The chaplain stood before 30 delegates who were eager to give the Army advice on how to update regulations that govern severely wounded Soldiers who chose to COAD/COAR post injury. With an opportunity to inspire the delegates, Nordstrom stated, “We’re an Army Family— it’s in my blood.  Many in my Family have served.  I am counting on you to create a better Army where my son will serve.”

He then blessed the delegates:

Almighty Father, our Strength and Shield: we give you thanks for the devotion and courage of all those who have offered military service for this country.

For the those who have fought for freedom; for those who laid down their lives for others; for those who have borne suffering of mind and body; for those who have brought their best gifts to times of need.  Lord, have mercy.

Lift up by Your mighty presence those who are now at war; encourage and heal those in hospitals or mending their wounds at home; guard those in any need or trouble; hold safely in your hands all our families; and bring the returning troops to joyful reunion and tranquil life at home.

Give to us, Your people, grateful hearts and a united will to honor these men and women through our work here this week and hold them always in our love and our prayers; until Your world is perfected in peace.  Amen.

This prayer struck a chord with me—especially while listening to 15 severely wounded Soldiers share their personal stories with me today. These stories described the devastation of losing members of their Army Family in combat; personally dying 7 times during treatment but healed due to outstanding physician assistants (PAs), emergency medical technicians (EMTs), physicians, and nurses; the stress of their injury on their children; and being a “walking miracle.”

For all the prayers I’ve heard—this will be one of the few that will be kept and repeated; and of course, shared with my dad (a Vietnam Veteran) and my brother.  It will be nice to give them an earful for a change.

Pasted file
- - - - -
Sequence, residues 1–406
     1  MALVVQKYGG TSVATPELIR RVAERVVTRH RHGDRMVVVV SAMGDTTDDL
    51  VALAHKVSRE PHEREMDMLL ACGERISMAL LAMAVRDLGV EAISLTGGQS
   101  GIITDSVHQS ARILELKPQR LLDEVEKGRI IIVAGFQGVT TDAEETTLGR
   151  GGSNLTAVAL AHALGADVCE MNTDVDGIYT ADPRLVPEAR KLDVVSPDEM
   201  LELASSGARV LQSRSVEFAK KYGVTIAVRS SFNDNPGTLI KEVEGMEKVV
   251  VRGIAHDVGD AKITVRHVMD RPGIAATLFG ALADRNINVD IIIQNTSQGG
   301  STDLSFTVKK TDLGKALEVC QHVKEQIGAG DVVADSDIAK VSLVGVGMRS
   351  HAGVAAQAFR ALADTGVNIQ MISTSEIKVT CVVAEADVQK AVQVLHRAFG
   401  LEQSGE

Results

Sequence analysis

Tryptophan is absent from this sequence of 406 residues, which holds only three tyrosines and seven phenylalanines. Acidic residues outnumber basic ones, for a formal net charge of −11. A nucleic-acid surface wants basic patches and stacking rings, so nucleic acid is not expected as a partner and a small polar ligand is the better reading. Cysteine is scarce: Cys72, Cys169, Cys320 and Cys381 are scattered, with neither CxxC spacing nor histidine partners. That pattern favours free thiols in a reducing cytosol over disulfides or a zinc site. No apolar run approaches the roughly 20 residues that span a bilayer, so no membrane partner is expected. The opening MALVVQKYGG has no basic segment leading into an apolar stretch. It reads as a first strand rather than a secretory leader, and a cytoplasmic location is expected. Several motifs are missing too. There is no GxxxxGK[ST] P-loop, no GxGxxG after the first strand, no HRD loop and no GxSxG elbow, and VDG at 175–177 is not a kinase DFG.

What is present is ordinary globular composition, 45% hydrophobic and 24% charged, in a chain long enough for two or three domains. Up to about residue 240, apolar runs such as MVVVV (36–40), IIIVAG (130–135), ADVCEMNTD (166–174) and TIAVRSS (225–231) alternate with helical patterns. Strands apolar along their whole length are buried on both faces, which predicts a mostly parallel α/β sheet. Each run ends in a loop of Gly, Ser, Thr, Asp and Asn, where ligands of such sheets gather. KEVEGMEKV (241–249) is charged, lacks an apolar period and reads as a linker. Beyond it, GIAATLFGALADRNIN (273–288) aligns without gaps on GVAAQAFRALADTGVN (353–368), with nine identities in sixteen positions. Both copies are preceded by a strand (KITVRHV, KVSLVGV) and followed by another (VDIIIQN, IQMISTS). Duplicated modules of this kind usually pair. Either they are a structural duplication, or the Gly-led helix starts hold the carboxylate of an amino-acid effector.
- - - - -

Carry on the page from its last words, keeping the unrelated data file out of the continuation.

Wounded Soldiers Work Hard and Play Hard at COAD/COAR Forum

By Emily Oehler, WTC Stratcom

AW2 COAD/COAR delegate, SFC Juanita Wilson is one of 30 wounded warriors who attended the COAD/COAR Forum night out at the Washington Wizards/Denver Nuggets NBA basketball game in Washington, DC, coordinated by various organizations including the American Red Cross.

I think most Americans think of the Red Cross during times of national disasters.  What they might not realize is that they also support wounded warriors. 

This week, the American Red Cross united several other wounded warrior supporters to provide a night out for the 30 delegates at the AW2 Continue on Active Duty/Continue on Active Reserve (COAD/COAR) Forum.  In coordination with the USO, Verizon Center/Qwest, and Washington Wizards, the delegates saw the Wizards take on the Denver Nuggets.

These Forum delegates are severely wounded and chose to continue to serve post injury.  They are in DC this week to work on updating some of the Army’s regulations that oversee warrior care.  As delegate SFC Juanita Wilson, a severely wounded active reservist, explained, “I’m here to pay it forward for the others who will follow behind me.”

A specific program of the Red Cross, the American Red Cross Service to the Armed Forces at Walter Reed Army Medical Center, provides items of comfort to support the morale of wounded warriors and their Families while they recover at Walter Reed.  These items are contributed by the American public in monetary contributions or in-kind donations.  In fact, many of their corporate and community partners organize annual drives for items that are needed to support the program.  At Walter Reed, the American Red Cross Station provides referral services both on the base and in the community.  Plus, they work directly with hospital clinics to provide dependable volunteers. 

Recently the American Red Cross Station provided Legos to support the FORCE: mTBI program and worked with the Assistive Technology Specialist to provide an array of items, from computer speakers for a triple amputee taking classes online to Nintendo DS gaming systems with Brain Age software for wounded warriors working with therapists in the traumatic brain injury clinics.  Additional programs include: pet therapy, adaptive scuba diving, taxi vouchers, haircut and shave vouchers, and computer loaner programs.  Their goal is to provide support to the Walter Reed Medical Center community whenever they can. 

Assistant Station Manager Teri Ridley explained, “We, the staff and volunteers, become very attached to the patients.  I think the most important service we provide is our ‘broad shoulders.’  Some days I walk out of my office and I see staff, patients, and Families just sitting in our cramped office enjoying a cookie and cup of coffee—glad to be able to get away from the stress of watching their loved one recover.”  She added, “Usually our patient’s first outing includes a visit to the Red Cross office for Family members to introduce us to their son, daughter, or spouse.  We watch the ups and downs the Family members experience during the first few days or weeks here. Usually we share a few tears with them as well.  Best of all we share the joy with Families when their loved ones begin to recover.”